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February 22, 2006 --"Twenty-five years ago this month, the AAPG Bulletin published Andy Bengtson's classic paper, Statistical Curvature Analysis Techniques for Structural Interpretation of Dipmeter Data," said Jim Morse, Computational Geology's President. "We'd like to take this opportunity to recognize and honor Andy posthumously for the significant contributions he made to structural geology and the petroleum E&P industry."

"Despite the many significant advances in seismic imaging over the past twenty-five years, SCAT is still essential for mapping structures completely and accurately," Morse continued. "SCAT is required wherever seismic is fair or poor and wherever structures are complicated. Geologists and geophysicists around the world are using SCAT to map structures in many different geologic environments: from subsalt fields cut by complex patterns of normal faults (e.g., Gulf of Suez) to complicated compressional folds (e.g., southern Oklahoma, Bangladesh, and Egypt's Western Desert). Geoscientists are also using SCAT to pick and orient faults--including faults that cannot be resolved seismically and those that cannot be seen through log correlations or conventional tadpole-plot analysis."

"In certain important respects, dips picked from wellbore image data are better than conventional dipmeter data, but wellbore image data often are collected just over a short interval of a well. Moreover, dips picked from wellbore image data must still be analyzed and interpreted. In short, dips from wellbore image data can also benefit greatly from SCAT."

"An article in the January, 1992, AAPG Explorer (Fritz, 1992) describes how Andy developed SCAT. It turns out that he actually developed SCAT many years prior to the publication of his 1981 paper. During that time, Chevron (Andy's employer) used SCAT extensively and profitably. Originally, Chevron had hoped to maintain a competitive edge by keeping SCAT proprietary. However, in the 1970s, as many of Chevron's geoscientists left to go to work for other companies, this proved to be a practical impossibility."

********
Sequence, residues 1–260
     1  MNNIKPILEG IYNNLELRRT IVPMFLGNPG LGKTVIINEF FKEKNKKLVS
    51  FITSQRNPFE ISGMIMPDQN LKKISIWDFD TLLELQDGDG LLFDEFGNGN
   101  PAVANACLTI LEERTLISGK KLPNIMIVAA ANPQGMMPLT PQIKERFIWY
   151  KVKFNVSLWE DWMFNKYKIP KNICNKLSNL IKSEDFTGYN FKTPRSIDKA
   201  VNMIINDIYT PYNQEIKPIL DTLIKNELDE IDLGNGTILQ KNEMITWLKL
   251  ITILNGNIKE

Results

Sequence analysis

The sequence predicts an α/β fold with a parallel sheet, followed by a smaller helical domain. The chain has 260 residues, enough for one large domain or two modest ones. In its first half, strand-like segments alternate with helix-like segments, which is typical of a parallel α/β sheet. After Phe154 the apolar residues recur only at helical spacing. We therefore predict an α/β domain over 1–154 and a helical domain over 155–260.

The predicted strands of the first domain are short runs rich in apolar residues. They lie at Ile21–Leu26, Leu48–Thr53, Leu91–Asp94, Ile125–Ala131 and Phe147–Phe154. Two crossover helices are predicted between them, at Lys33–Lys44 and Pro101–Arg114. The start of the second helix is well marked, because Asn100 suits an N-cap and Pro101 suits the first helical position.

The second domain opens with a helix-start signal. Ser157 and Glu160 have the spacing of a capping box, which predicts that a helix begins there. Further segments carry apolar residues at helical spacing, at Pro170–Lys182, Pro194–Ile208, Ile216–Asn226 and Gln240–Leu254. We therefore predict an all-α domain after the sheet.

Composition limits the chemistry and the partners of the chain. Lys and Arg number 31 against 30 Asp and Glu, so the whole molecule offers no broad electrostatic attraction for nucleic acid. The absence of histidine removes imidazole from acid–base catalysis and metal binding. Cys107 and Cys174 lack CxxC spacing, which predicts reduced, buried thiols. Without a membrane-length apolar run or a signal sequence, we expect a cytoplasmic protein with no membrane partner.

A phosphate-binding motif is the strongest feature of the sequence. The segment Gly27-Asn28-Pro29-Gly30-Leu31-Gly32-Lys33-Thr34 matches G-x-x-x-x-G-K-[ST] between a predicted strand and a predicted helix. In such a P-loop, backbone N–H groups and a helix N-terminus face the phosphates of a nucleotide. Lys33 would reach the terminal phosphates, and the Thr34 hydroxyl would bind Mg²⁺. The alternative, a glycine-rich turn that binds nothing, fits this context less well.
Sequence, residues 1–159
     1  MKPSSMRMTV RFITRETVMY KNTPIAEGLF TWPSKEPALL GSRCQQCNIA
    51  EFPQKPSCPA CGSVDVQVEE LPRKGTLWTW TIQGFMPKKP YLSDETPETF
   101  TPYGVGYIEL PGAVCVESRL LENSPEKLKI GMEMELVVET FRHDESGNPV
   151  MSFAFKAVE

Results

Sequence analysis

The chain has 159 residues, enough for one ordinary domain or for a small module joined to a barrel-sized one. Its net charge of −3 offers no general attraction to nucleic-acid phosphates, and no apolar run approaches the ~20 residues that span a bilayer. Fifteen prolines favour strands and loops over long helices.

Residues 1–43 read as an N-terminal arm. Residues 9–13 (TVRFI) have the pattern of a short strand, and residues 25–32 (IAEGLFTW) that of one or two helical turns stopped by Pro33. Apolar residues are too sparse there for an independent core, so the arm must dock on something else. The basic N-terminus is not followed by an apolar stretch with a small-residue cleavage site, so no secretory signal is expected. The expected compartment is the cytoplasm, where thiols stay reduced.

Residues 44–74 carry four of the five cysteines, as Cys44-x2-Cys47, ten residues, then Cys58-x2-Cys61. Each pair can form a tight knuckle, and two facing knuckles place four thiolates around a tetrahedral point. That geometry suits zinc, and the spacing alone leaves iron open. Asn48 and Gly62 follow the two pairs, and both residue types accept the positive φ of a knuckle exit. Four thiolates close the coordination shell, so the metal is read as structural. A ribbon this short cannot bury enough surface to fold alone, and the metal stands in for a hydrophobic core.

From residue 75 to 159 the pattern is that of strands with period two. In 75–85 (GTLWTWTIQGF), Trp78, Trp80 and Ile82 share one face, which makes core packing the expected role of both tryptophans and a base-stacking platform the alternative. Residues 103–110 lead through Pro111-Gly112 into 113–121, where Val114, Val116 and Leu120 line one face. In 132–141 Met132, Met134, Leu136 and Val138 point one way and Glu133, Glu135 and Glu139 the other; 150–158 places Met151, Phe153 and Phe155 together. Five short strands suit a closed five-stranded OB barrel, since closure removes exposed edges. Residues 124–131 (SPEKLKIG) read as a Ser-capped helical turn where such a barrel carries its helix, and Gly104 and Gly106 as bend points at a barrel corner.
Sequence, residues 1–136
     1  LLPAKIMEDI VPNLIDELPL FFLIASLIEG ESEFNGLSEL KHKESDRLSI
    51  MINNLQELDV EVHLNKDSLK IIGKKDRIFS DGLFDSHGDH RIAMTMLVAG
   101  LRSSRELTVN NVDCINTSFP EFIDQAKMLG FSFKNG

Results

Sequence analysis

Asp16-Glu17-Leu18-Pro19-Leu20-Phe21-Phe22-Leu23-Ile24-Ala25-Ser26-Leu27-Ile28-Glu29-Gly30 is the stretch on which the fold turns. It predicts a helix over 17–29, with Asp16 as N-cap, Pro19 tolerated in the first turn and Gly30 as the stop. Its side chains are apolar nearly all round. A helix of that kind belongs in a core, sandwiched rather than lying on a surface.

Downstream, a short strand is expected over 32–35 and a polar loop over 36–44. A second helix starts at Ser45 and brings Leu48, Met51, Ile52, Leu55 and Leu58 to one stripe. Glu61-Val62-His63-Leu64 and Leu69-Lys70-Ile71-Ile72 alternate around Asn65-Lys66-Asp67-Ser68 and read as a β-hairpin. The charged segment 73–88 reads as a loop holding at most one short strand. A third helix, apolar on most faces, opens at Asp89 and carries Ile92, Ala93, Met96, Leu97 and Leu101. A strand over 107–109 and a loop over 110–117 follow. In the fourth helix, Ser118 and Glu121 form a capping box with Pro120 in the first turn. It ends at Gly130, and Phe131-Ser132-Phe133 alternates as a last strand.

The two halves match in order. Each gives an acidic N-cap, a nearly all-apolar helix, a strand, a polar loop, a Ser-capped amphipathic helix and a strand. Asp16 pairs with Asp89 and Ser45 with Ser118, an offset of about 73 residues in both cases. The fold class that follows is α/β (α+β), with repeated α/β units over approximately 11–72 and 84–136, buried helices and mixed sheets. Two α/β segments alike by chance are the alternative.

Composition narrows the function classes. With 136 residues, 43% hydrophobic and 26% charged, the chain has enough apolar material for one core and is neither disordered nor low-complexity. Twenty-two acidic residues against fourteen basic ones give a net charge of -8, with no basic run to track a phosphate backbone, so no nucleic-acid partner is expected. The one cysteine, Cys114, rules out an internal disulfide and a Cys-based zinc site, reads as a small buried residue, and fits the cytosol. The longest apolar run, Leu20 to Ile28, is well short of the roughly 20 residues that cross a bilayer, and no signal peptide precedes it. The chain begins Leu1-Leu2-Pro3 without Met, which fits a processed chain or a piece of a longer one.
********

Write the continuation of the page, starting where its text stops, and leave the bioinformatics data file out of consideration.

"Although SCAT has been in the public domain for twenty-five years and although SCAT is a proven technology for helping geoscientists substantially improve their structural models, many geoscientists remain unfamiliar with SCAT. Thus, popularizing SCAT remains an important technology-transfer objective for the E&P industry."

NOTE: Andy's SCAT paper was first published in 1980 by the Oil & Gas Journal.

Computational Geology is a U. S.-based provider of specialty geological software and interpretation services. Current products and services focus on 3D analysis and interpretation of dip data using advanced techniques, including SCAT and isogon-based cross sections.

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